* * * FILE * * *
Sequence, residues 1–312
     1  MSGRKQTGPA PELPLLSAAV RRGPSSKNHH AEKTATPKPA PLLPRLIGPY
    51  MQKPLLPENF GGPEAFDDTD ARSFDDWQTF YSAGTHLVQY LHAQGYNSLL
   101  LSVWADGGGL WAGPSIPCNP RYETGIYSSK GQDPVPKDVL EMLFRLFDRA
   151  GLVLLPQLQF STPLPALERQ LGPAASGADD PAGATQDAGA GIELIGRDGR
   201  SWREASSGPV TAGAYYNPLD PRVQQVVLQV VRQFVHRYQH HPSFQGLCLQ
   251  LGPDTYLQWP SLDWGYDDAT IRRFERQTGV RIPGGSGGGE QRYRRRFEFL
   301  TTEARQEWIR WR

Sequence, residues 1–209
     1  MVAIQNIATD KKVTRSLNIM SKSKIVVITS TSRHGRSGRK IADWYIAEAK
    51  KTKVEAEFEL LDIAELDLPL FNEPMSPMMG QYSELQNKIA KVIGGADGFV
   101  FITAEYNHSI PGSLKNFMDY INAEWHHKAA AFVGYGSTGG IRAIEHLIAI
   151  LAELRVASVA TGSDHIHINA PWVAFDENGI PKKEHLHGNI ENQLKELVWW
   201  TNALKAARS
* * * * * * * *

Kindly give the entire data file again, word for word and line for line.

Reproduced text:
Sequence, residues 1–312
     1  MSGRKQTGPA PELPLLSAAV RRGPSSKNHH AEKTATPKPA PLLPRLIGPY
    51  MQKPLLPENF GGPEAFDDTD ARSFDDWQTF YSAGTHLVQY LHAQGYNSLL
   101  LSVWADGGGL WAGPSIPCNP RYETGIYSSK GQDPVPKDVL EMLFRLFDRA
   151  GLVLLPQLQF STPLPALERQ LGPAASGADD PAGATQDAGA GIELIGRDGR
   201  SWREASSGPV TAGAYYNPLD PRVQQVVLQV VRQFVHRYQH HPSFQGLCLQ
   251  LGPDTYLQWP SLDWGYDDAT IRRFERQTGV RIPGGSGGGE QRYRRRFEFL
   301  TTEARQEWIR WR

Sequence, residues 1–209
     1  MVAIQNIATD KKVTRSLNIM SKSKIVVITS TSRHGRSGRK IADWYIAEAK
    51  KTKVEAEFEL LDIAELDLPL FNEPMSPMMG QYSELQNKIA KVIGGADGFV
   101  FITAEYNHSI PGSLKNFMDY INAEWHHKAA AFVGYGSTGG IRAIEHLIAI
   151  LAELRVASVA TGSDHIHINA PWVAFDENGI PKKEHLHGNI ENQLKELVWW
   201  TNALKAARS